SAGA – The Saga District Court on Tuesday rejected a request by local residents to suspend the planned restart of two nuclear reactors over safety concerns.
Some 70 people sought an injunction to halt the restart of the Nos. 3 and 4 reactors at Kyushu Electric Power Co.’s Genkai nuclear power plant, questioning safety standards and citing the risk of a volcanic eruption in the region. The No. 3 reactor is scheduled to restart on Friday, with the No. 4 unit following in May.
Presiding Judge Takeshi Tachikawa said the utility’s safety measures are “reasonable” and the court found “no specific risk of (the reactors) causing serious damage.”
The decision was in sharp contrast with a Hiroshima High Court ruling in December to halt the planned restart of a reactor at Shikoku Electric Power Co.’s Ikata plant based on the possible eruption of Mount Aso.
As the 1,592-meter volcano is located some 130 kilometers from the Ikata plant, roughly the same distance as from the Genkai plant, attention focused on how the Saga court would evaluate the risk.
During the trial, plaintiffs from Saga, Fukuoka, Nagasaki, Kumamoto and Yamaguchi prefectures expressed doubt about the credibility of new safety standards introduced after the 2011 Fukushima nuclear disaster, saying they were compiled when the crisis had yet to be resolved.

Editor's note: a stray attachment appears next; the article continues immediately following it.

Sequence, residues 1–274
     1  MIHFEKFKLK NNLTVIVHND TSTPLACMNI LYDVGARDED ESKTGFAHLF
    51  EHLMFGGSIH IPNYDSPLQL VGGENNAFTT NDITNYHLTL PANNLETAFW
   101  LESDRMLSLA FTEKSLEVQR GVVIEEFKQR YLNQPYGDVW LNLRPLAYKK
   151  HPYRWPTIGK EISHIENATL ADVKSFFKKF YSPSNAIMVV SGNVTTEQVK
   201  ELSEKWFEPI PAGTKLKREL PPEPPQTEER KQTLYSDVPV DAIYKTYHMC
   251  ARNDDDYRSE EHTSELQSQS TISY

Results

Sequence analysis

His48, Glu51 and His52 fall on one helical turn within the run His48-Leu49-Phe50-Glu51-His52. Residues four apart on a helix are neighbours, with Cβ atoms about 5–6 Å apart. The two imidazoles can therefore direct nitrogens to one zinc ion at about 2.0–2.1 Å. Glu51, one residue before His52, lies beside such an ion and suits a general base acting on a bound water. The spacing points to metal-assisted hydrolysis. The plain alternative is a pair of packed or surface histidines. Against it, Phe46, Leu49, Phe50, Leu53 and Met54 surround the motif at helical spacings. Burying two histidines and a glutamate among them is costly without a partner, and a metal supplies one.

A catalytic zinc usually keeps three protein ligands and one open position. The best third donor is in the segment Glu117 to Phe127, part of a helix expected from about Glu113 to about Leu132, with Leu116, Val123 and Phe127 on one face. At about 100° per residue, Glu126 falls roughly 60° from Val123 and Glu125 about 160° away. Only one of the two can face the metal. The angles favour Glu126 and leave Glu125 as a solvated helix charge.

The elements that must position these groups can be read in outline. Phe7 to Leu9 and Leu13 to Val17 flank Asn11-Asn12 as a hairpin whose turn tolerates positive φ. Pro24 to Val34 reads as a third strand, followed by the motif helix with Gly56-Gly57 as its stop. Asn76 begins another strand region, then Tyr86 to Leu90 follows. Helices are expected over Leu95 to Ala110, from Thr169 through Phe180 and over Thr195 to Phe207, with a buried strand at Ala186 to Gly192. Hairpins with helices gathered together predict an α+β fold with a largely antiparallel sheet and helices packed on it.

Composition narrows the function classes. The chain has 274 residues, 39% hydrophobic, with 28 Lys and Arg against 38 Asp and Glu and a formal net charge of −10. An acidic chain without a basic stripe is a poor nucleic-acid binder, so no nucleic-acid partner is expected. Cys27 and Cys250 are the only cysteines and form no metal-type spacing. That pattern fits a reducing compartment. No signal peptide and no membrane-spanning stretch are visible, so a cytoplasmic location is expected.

The plaintiffs also claimed that there are no measures in place to respond to a catastrophic volcanic eruption, which cannot be forecasted.
Kyushu Electric argued it has taken safety steps and that there is no imminent danger of a serious accident.
In June last year, Tachikawa dismissed a similar request from a different group of residents for an injunction to stop the restart of the two Genkai reactors.
Separate from the lawsuits seeking injunctions, some 10,000 people in Japan and abroad have filed a suit demanding suspension of the Genkai reactors.
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